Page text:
Goldman Sachs is known for outperforming its competitors on Wall Street.
But in the third quarter, it was Goldman that underperformed.
The Wall Street firm said on Thursday that both its revenue and its profit declined more sharply than expected as the bank struggled with volatility in the financial markets.
It was a tough quarter for most big banks, which were hobbled by the market turmoil set off in August by China’s economic slowdown. But Goldman’s third-quarter results were even worse than its competitors’.
At the huge trading desks of Goldman’s biggest competitor, JPMorgan Chase, revenue fell 11 percent from the same quarter a year earlier. At Goldman, the decline was 34 percent.
Goldman was hit particularly hard by the large investments it held in its own portfolio — a part of the bank that had generally done well in recent years.
Revenue from its so-called investing and lending division dropped 60 percent from the same quarter a year ago and 63 percent from the previous quarter. Goldman said that was caused by a decline in the price of the public stocks it held.
Goldman’s chief financial officer, Harvey M. Schwartz, acknowledged the difficulties, but he defended the company’s long-term strategy, which has been to stick with difficult businesses as other competitors scale back.
“We are keenly aware of the challenges facing the industry,” Mr. Schwartz said in a call with analysts Thursday morning. “We believe that our long-term prospects are quite favorable.”
The bank’s analysts, though, expressed concern that its strategy was not playing out as expected. Glenn Schorr, an analyst with Evercore ISI, noted during the call that the dynamics in the industry would seem to be working in Goldman’s favor.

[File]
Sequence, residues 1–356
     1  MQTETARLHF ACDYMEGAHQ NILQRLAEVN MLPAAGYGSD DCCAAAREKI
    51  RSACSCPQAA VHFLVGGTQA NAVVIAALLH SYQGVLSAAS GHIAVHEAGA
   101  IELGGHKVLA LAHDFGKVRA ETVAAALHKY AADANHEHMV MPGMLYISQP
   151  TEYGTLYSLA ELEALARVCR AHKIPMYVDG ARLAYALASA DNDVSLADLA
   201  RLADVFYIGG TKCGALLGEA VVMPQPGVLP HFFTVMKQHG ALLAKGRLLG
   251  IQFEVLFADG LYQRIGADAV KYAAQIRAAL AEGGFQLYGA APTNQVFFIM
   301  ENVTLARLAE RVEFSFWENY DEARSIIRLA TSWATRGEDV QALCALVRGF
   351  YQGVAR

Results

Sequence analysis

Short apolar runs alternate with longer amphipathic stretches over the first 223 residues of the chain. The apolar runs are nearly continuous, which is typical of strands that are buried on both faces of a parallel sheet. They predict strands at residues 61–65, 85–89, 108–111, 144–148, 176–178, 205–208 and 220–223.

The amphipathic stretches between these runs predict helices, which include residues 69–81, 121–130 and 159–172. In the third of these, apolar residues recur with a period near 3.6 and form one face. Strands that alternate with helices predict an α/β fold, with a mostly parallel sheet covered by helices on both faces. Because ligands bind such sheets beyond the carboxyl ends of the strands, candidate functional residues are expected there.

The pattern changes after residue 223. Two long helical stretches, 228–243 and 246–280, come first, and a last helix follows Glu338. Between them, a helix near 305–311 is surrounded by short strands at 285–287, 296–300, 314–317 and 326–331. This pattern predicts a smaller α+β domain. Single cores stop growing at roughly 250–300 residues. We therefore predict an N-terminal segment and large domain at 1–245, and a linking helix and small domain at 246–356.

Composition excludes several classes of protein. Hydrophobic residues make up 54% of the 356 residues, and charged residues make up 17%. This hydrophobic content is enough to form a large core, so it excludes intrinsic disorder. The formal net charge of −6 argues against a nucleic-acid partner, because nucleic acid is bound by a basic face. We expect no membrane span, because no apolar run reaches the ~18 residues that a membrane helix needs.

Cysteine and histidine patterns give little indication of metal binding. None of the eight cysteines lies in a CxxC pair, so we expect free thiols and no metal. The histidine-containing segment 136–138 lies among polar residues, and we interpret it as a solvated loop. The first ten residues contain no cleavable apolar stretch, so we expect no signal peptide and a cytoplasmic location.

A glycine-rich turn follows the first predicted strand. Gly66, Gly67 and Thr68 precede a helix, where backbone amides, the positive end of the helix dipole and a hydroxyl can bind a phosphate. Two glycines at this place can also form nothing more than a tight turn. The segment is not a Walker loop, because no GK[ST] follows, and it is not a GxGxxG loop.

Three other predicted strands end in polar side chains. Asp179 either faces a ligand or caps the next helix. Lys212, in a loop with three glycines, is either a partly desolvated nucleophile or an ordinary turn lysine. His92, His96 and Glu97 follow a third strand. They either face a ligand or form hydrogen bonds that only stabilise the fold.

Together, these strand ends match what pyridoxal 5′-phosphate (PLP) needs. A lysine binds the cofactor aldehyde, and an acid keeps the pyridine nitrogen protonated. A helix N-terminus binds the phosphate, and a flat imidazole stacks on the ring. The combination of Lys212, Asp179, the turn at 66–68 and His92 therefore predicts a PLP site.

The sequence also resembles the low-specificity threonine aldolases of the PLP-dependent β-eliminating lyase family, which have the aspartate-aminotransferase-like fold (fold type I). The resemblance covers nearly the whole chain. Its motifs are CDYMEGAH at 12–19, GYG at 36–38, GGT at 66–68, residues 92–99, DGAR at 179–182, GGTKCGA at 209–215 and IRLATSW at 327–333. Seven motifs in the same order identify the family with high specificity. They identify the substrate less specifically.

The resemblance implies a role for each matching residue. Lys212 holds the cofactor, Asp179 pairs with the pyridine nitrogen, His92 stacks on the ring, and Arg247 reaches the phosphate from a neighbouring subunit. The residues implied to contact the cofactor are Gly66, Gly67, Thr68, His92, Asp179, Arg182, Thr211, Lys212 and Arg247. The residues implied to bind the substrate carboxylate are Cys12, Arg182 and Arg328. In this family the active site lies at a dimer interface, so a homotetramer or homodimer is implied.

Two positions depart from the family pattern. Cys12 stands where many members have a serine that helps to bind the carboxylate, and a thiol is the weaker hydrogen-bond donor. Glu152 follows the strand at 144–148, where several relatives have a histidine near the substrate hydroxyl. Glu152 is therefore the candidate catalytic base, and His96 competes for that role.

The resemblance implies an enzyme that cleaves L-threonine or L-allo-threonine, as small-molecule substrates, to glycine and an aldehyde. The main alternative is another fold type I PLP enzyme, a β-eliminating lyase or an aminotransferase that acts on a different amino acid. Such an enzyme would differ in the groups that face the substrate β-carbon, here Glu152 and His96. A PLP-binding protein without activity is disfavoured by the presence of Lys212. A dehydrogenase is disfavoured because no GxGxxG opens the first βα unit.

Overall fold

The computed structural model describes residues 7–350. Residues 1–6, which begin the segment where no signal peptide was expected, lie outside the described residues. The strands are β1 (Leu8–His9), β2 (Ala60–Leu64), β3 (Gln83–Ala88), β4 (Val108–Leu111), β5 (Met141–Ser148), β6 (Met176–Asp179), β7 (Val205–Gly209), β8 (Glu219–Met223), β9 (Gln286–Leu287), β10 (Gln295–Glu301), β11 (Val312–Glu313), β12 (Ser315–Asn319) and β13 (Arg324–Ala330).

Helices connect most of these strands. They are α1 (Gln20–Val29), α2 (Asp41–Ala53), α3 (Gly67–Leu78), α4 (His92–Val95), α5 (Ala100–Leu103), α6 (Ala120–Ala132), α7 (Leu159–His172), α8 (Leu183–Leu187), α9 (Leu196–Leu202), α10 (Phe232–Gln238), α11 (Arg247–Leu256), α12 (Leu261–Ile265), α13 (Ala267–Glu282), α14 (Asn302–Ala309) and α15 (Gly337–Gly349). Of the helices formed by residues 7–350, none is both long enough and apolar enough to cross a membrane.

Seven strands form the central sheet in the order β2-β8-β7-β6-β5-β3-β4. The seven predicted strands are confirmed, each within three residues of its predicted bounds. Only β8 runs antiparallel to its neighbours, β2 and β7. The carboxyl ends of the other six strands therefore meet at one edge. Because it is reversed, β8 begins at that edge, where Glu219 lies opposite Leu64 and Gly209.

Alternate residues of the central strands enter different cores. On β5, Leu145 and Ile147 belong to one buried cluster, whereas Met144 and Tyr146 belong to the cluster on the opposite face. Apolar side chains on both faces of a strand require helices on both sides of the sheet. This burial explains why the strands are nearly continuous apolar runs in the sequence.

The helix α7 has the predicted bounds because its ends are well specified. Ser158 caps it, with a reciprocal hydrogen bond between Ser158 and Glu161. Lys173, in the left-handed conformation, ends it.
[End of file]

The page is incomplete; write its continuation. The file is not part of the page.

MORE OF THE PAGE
“It feels like actually the world that you talked about was coming your way, but yet, the revenue reduction for Goldman is more pronounced,” Mr. Schorr said. “I’m just trying to do the smell test and wonder, why is that? I would think there would be more opportunities, not less.”
Mr. Schwartz cautioned Mr. Schorr and other analysts against focusing too much on the results of a single quarter and comparing Goldman with competitors.
“We don’t see as much value in comparing revenues,” Mr. Schwartz said. “If you really look to the quarter-to-quarter noise, you run the risk of over-steering the business.”
Goldman has been cutting costs to adjust to the difficult environment in which it is operating. The amount set aside for compensation and bonuses in the latest quarter was down 16 percent from a year ago and 38 percent from the previous quarter.
Those numbers, and similar ones from other banks, suggest that end-of-year bonuses across Wall Street will probably be disappointing this year and build on the declines that have already been seen in recent years.
That could be particularly true because the cuts to bonuses so far have not kept up with the decline in revenue, at least at Goldman. Total revenue at the bank fell 18 percent from a year earlier, to $6.9 billion, compared with the $7.1 billion expected by analysts.
Profit fell 38 percent, to $1.3 billion, or $2.90 a share, in the third quarter from the quarter a year ago. Analysts polled by Thomson Reuters expected $2.91 a share.
Shares of Goldman ended Thursday up just over 3 percent.
Some analysts seemed willing to accept Mr. Schwartz’s argument that the lagging quarterly results should not be viewed as a long-term danger for the firm, particularly given its continuing cost-cutting.
Christian Bolu, an analyst with Credit Suisse, wrote in a note to clients that the pessimism surrounding Wall Street banks would, for Goldman, provide a “favorable setup” for the beginning of next year, when results typically strengthen.